We Germans, by Alexander Starritt.
‘What did you do in the war, Grandpa?’ was the classic question asked by all young offspring of their grandfathers after the Second World War, and some of the answers were horrifying, heart-stopping adventures, but told with verve and, if the memories weren’t too awful, depending on the age of the grandchild, related in the sure knowledge that they fought to liberate the world from Tyranny and Injustice, and a mad Leader who wanted to destroy civilisation. For they were on the winning side.
A young Scotsman asks his German Opa the same question; Callum’s mother is German but he has been raised in Scotland and, despite being bilingual and having regular holidays with his German grandparents in Heidelberg, he sees himself as a countryman of the Winning Side: when he asks the question of his Opa, it is in such a way that the old man is irritated and refuses to discuss his experiences. Callum’s curiosity is not satisfied until after the old man’s death, when a letter from Opa is discovered, addressed to him, which relates in chilling detail exactly what Opa did in the war, the war that started so gloriously for hundreds of thousands of German troops marching East to Moscow, and ended with the starving remnants of those ‘invincible’ forces trying to make their way back to a Germany that was in utter chaos: ‘this is what I did in the war, Callum.’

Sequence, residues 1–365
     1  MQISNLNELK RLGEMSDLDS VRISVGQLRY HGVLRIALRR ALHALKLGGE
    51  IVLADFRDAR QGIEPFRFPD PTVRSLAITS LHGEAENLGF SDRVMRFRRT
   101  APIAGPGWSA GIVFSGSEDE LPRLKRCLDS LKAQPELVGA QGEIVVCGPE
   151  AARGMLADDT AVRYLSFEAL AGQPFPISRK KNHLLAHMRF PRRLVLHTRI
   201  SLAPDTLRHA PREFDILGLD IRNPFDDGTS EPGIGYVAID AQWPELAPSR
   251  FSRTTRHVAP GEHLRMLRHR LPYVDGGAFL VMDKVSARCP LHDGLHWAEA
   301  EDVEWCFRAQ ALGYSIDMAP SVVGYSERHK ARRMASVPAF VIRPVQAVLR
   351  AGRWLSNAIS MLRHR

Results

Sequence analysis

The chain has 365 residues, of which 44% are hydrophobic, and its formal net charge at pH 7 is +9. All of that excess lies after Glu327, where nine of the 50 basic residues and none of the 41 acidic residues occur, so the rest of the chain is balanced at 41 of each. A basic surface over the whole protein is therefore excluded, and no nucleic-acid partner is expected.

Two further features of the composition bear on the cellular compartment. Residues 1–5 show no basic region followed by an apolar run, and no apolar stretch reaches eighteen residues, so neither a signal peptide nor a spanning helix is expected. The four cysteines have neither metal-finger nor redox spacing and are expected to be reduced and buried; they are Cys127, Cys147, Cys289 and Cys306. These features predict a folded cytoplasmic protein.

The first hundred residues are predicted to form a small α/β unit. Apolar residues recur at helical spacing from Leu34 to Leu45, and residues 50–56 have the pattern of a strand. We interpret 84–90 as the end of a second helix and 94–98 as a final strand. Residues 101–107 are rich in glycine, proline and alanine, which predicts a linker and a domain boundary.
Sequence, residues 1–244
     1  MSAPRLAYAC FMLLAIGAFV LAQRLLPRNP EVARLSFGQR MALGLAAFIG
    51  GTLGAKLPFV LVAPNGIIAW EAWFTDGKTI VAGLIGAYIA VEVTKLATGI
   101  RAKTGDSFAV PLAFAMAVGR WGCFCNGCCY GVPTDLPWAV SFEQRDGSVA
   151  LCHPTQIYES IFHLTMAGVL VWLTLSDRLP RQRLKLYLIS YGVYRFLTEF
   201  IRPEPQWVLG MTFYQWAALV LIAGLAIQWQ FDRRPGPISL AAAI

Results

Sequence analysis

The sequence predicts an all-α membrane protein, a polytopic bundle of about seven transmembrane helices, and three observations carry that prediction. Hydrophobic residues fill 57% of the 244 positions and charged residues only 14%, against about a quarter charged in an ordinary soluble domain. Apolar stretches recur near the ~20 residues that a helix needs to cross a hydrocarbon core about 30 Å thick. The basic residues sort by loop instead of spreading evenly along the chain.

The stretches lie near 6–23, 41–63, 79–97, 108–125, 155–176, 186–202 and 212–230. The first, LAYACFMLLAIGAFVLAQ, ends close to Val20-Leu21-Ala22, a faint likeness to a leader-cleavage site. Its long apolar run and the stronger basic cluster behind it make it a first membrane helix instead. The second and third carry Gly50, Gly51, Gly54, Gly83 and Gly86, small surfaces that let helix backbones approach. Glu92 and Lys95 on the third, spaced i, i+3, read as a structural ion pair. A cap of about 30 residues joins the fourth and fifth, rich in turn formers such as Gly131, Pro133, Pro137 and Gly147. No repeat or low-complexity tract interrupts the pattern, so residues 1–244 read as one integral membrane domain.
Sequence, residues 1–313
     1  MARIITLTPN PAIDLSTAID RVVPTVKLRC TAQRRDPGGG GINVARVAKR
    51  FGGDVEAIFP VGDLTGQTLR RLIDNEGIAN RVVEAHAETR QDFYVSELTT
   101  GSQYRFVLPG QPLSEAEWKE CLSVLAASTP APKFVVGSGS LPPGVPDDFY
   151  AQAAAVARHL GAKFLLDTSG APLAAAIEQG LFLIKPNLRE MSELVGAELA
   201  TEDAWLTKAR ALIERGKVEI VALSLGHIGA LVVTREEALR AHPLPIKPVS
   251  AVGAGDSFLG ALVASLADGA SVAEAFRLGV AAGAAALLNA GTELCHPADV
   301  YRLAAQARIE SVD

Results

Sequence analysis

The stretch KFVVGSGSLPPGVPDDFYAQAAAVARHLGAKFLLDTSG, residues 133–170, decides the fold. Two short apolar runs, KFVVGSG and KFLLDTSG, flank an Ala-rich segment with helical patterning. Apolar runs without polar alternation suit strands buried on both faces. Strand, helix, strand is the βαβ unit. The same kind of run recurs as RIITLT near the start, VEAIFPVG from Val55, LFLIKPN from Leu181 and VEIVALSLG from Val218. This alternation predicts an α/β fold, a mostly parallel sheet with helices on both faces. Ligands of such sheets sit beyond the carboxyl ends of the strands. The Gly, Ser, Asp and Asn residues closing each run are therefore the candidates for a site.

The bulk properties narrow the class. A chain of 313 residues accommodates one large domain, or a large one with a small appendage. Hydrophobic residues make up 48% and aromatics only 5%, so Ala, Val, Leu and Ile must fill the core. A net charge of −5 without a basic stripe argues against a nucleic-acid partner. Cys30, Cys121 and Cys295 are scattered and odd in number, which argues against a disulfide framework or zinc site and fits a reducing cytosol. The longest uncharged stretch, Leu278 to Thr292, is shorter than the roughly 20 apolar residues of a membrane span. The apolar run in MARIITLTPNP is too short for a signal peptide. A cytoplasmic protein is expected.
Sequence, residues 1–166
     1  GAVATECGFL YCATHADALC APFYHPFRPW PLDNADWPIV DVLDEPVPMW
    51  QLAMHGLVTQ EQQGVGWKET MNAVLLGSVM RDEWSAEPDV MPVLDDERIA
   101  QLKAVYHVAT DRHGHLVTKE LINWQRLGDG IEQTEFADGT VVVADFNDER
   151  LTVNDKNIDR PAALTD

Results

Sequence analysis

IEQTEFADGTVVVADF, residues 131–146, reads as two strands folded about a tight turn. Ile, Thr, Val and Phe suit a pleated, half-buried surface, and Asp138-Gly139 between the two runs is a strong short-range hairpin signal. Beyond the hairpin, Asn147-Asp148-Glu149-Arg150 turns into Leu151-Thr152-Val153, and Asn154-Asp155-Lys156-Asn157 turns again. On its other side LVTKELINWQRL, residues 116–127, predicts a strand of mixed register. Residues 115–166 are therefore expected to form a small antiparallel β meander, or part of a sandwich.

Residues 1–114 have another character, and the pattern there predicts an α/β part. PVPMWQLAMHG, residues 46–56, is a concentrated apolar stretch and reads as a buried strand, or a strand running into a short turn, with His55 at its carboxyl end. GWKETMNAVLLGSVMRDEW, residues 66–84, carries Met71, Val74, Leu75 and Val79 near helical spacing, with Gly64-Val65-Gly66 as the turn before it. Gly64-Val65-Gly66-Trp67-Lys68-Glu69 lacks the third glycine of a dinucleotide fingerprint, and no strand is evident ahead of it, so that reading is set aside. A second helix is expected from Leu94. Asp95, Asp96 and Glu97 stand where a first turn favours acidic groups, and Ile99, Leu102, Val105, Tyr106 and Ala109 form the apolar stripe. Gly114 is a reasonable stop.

Callum’s Opa went to war as a conscripted Artilleryman in 1940. His scientific studies at University were interrupted, but he didn’t think he’d be away for very long; he was sure that he would realise his cherished dream of being a scientist once victory was achieved, and life would be back to a comforting normality with his family. Now it’s 1944 and he finds himself ‘foraging’ for food in the Polish countryside – any kind of food, with other starving soldiers from the remains of various regiments as they tried to reach the German border. He is ashamed, too, to be taking food – any kind of food – from the villages they pass through, for he knows that the inhabitants are starving as well. But hunger has no morals. And they know the Russian Army is not far behind: there will be no mercy from them.
Opa’s experiences are a classic example of what it was like to be on the losing side, the side that committed crimes of such heinous savagery that the world will never forget; a cultured nation that will always be branded by the terrible sins of supreme power and blind obedience. By the end of this powerful narration Callum – and every reader – will know, too. Alexander Starritt has produced a brilliant, singular morality tale, one that should be taught in schools. SIX STARS.